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Five Ways to Help Lower Gas Prices

Memorial Day Weekend kicked off the summer driving season, and the national average for gasoline is now up to $4.62 per gallon. Filling up a sedan can cost close to $70 while some trucks, jeeps and larger SUVS cost over $100 to fill.  Low-income families have been particularly hit hard as they spend a larger percentage of their budget on gasoline and energy bills. 

>>>READ: How Joe Biden can help lower gas prices and ease Americans’ pain at the pump

The economic pain extends beyond the pump as American households are paying more for groceries, going out to eat and most other goods and services as energy is an essential input for those products. Transporting goods by truck is far more expensive as the national average price for diesel is $5.52 per gallon, nearly $2.50 higher than they were a year ago. 

Higher energy prices also cripple economic growth as families spend fewer dollars on other goods and services to compensate for more money spent on fuel. As Matt Yglesias points out, “ fresh research suggests that a $1 increase in gas prices generates essentially a $1 reduction in non-gas spending in the short term.”

According to a 2019 survey, 86 percent of Americans use their own car for their primary means of commuting to work. Drivers can take several steps to improve fuel efficiency. Inflating tires, reducing unnecessary weight and slowing down are small measures that will make that tank of fuel last a little longer. Some people may be able to carpool, work remotely or use public transportation, but those options aren’t available to everyone. Going out and buying an electric vehicle, as some Biden administration officials have suggested, is available to even fewer people.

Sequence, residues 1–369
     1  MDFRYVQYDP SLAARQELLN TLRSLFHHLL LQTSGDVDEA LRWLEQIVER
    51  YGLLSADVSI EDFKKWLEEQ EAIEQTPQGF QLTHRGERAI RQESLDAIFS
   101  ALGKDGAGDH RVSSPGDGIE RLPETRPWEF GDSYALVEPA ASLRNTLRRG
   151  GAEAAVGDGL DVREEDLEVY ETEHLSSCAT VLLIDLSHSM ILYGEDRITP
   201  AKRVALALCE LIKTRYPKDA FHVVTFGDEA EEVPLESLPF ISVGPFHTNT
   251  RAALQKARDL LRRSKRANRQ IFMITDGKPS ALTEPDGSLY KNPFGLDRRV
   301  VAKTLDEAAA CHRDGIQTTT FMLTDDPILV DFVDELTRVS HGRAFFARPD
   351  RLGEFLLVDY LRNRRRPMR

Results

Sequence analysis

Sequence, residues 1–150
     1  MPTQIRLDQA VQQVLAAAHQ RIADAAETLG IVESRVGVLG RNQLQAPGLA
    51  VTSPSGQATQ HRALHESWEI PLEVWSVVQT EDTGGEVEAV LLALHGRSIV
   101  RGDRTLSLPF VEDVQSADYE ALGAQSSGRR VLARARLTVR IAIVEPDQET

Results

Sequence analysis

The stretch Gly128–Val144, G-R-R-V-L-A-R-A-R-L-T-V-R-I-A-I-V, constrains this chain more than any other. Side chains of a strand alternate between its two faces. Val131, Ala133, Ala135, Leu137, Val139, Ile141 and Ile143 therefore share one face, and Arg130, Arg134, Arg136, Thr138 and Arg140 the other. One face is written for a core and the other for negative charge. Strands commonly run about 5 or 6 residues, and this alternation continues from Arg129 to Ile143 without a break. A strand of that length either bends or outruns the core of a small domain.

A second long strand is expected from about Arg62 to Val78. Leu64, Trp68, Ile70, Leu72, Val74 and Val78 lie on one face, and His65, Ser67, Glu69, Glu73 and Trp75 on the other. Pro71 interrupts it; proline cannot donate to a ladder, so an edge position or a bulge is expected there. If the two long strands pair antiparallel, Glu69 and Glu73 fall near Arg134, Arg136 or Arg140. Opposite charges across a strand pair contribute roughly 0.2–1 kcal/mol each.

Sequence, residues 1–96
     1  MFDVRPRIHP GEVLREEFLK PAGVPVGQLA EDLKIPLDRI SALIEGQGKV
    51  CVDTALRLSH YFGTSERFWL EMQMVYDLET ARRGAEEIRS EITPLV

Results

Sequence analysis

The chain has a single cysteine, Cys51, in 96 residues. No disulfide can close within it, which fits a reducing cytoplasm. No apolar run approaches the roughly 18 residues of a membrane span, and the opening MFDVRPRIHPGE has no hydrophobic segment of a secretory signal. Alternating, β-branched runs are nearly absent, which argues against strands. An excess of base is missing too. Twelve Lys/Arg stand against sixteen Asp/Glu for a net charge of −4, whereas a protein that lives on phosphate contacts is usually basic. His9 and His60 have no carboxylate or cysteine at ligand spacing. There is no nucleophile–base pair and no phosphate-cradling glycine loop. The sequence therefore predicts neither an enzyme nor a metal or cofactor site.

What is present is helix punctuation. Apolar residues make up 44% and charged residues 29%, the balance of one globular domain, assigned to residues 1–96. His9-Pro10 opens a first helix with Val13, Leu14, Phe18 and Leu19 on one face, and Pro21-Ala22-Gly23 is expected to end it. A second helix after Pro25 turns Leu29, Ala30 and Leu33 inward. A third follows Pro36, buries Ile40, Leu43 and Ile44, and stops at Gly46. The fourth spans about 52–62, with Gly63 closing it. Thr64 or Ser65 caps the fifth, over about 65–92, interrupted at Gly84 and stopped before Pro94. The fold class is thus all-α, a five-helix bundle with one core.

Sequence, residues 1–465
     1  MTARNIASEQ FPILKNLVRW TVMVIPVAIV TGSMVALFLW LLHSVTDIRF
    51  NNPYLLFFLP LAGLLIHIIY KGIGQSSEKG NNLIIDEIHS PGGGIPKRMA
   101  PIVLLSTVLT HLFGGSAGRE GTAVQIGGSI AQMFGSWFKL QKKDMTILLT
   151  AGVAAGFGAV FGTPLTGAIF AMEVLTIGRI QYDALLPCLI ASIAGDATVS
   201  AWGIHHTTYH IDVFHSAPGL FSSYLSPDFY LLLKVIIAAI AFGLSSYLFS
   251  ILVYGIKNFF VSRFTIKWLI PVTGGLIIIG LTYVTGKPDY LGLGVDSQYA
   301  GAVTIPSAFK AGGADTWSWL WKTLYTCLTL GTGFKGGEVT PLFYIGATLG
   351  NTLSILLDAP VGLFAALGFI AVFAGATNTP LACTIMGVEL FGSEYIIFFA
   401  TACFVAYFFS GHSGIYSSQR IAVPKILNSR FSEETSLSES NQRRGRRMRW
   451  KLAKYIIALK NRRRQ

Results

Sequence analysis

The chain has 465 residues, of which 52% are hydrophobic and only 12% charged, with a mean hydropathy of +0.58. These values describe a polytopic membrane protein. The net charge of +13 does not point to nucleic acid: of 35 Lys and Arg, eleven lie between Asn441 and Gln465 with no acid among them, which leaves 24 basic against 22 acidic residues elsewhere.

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Therefore, it’s not surprising that frustrated consumers are turning to Washington for solutions to the pain at the pump. But what can be done? Unfortunately, there’s no easy button for President Biden to hit as the price of gasoline set by the market is largely out of the administration’s control. The price of crude oil makes up the largest share of the price of a gallon of gasoline. From 2012-2021, the price of crude was 54.8 percent of the cost from 2011-2020. Federal and state taxes (17 percent), refining (14 percent), and distribution and marketing (14.3)  made up the rest of the share. Because oil is a globally traded commodity, the price is set by factors affecting global supply and demand. 

When the pandemic hit, demand cratered to a point where oil prices briefly traded at negative prices. The oil industry struggled financially, but as countries relaxed restrictions, stronger demand led to steady price increases. U.S. supply is up and will likely reach pre-pandemic levels before the end of the year; however, Russia’s invasion of Ukraine upended markets and set crude prices to triple digits. 

>>>READ: A Strategy to Lower Gas Prices, Increase Energy Security

U.S. policy and regulation also affects supply and demand. While the U.S. can’t control supply disruptions in other countries or when demand increases in India, there are policy levers Congress and the administration can pull to help in the short and intermediate run.